ATHENS – After waffling for days over what it would do, the tiny To Potami centrists said they would give their five votes in Parliament to back a deal Greece made to change the name of the Former Yugoslav Republic of Macedonia (FYROM).
But the party, which has nearly evaporated after starting out to much notice in 2014 and had opposed Tsipras and his ruling Radical Left SYRIZA, said its stance was part of what its leader, former TV journalist Stavros Theodorakis had called an history duty.
To Potami wanted to end confusion regarding whether it will back the minority government which now relies on alleged Independents and rival party dissidents to stay in power after its former coalition partner, the tiny Independent Greeks (ANEL) quit in objection to the deal giving away the name of an ancient Greek province.
The agreement would see FYROM be called North Macedonia and its residents called Macedonians and with a Macedonian language, culture and identity, the deal opposed by 70 percent of Greeks in a recent survey and setting off fury among opponents.
With less than 1 percent support in recent polls showing it has virtually no chance to reach the 3 percent threshold needed to get back into Parliament in elections this year, the support for the FYROM deal is likely To Potami’s swan song before vanishing.
To Potami (The River) stressed that it will vote in favor of the accord, but “for Greece and not for the collapsing Tsipras,” who nevertheless now seems certain to get what he wants and former To Potami lawmaker backed him in a vote of confidence before Theodorakis ejected him.
“There are those that are making Potami’s positive stance to the Prespes agreement appear as support for Mr Tsipras. They are making a big mistake… To Potami only supports the interests of the Greeks,” the party said, referring to the deal by the name of Lake Prespes, which borders both countries and where it was signed.
The change of heart came as reports said two of To Potami’s five MP’s would vote against the agreement, which would have put Theodorakis in the dilemma of whether to give the other three votes and to eject the two dissidents, which could end the party as Parliament rules require at least five MP’s for a parliamentary committee.
The announcement came a day after To Potami put out a vague statement that said, “Our movement remains firm in the decision of its conference that the problem with FYROM must be resolved and Greece must play a leading role in opening the European path to the neighboring country,” after a meeting of its political council which was also attended by Potami’s MEPs and other party bodies.
“When it comes to national issues, Potami doesn’t form its position based on party interest, neither does it change its views depending on the ups and downs of any given time. We have stable principles, we don’t have ideological obsessions and we don’t act impulsively,” it added.
The centrist party has five seats in the 300-seat House, leaving the government one vote short of an absolute majority although Tsipras can likely count on from three to six alleged Independents, including two booted from ANEL after backing him in a vote of confidence.
POLITICAL HOT POTATO
The agreement the anti-nationalist Tsipras reached with FYROM Premier Zoran Zaev, to end a 27-year-old name dispute, would see FYROM called North Macedonia and lift Greek vetoes keeping the country out of NATO and from opening European Union accession talks.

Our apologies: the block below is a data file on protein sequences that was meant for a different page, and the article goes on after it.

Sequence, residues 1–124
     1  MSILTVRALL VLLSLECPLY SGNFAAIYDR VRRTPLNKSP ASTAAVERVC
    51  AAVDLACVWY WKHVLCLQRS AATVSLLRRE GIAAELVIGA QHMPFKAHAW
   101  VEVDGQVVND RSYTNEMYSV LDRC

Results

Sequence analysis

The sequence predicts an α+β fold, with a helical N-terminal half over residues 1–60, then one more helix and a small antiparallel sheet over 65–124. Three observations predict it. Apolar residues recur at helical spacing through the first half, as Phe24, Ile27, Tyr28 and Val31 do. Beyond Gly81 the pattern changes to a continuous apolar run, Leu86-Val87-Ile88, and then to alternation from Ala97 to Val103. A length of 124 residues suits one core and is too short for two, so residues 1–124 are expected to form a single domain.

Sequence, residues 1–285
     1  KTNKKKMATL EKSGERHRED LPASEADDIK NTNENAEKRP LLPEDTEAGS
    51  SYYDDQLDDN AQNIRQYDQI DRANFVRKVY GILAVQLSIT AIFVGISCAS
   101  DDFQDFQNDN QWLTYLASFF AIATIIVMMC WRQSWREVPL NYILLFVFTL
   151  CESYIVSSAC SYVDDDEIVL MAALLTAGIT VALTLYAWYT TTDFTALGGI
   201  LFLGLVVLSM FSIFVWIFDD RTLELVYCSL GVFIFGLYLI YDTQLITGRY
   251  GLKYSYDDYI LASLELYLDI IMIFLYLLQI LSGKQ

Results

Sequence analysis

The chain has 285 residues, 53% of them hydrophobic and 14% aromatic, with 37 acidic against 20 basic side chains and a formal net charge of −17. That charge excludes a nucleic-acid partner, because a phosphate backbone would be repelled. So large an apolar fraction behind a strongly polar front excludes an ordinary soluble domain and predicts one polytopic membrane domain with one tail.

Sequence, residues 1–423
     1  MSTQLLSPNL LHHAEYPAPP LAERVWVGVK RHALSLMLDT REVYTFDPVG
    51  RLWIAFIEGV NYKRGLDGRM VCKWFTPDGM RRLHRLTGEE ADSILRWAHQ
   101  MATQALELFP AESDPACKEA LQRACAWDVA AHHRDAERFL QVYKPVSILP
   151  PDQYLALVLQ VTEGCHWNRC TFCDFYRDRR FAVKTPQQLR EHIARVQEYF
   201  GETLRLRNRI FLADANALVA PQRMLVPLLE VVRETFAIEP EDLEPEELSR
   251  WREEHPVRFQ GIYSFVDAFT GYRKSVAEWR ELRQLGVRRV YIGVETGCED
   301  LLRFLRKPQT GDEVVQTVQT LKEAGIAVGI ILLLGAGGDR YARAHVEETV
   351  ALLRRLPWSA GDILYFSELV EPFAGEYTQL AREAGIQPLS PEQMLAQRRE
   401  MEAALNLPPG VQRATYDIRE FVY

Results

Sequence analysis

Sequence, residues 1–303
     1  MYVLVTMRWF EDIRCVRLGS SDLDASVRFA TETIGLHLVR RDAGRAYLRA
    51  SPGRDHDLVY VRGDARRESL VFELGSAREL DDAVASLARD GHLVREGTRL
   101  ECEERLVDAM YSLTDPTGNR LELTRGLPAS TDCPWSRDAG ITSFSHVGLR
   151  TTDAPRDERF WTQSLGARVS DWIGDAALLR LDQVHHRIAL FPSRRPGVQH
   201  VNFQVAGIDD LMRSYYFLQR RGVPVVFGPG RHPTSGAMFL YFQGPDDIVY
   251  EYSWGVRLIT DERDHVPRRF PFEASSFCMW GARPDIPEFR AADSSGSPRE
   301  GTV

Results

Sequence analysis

With the latest survey showing 70 percent of Greeks opposed, and uncertainty over whether the rally Jan. 20 outside the Parliament won’t turn violent, Tsipras authorized the printing of scores of thousands of documents with the full text of the deal to be distributed in Sunday newspapers.
Hoping to persuade voters to back the deal most don’t, he also said he would not “fast track” the agreement in a bid to ram it through Parliament as a way of piggybacking support from former rival politicians whose backing helped him narrowly survive a vote of confidence he called after ANEL leader and former Defense Minister Panos Kammenos pulled ANEL from the coalition.
The documents will come out the same day as what could be a massive protest rally will be held in Syntagma Square across the Parliament which could be volatile given the anger at the deal from ultra-nationalists such as the Golden Dawn party whose 15 lawmakers and dozens of members are in the fourth year of a trial on charges of running a criminal gang.
ONE ON ONE
The main opposition New Democracy said it would oppose the agreement even though giving away Macedonia’s name was first done in 1991 by then-Premier and party leader Constantinos Mitsotakis – whose son Kyriakos now leads the Conservatives.
In the debate ahead of the confidence vote, Mitsotakis said the deal made too many concessions, as it allows residents of what would be North Macedonia to say they have a Macedonian culture, language and identity.
FYROM’s Parliament approved the deal and changed the country’s constitution to remove irredentist claims on Greek territories, including the real Macedonia and second-largest city and major port of Thessaloniki.
Tsipras’ office threw down the gauntlet, challenging Mitsotakis to take on the Premier in a televised debate over the FYROM deal but there was no immediate response.
Meanwhile, with Tsipras also moving for separation of Church and State, the Holy Community of Mount Athos, which represents a cluster of historic monasteries and one of Orthodoxy’s holiest sites in Halkidiki, northern Greece, said it wants a referendum on the name deal.
In an announcement, the Holy Community said that it considers the agreement’s “recognition of a ‘Macedonian language’ and a ‘Macedonian ethnicity’ as disregarding history and truth.”
The body that represents Mount Athos also said its members and supporters are expected to join the protest rally with a vote on the agreement likely to come to Parliament early next week.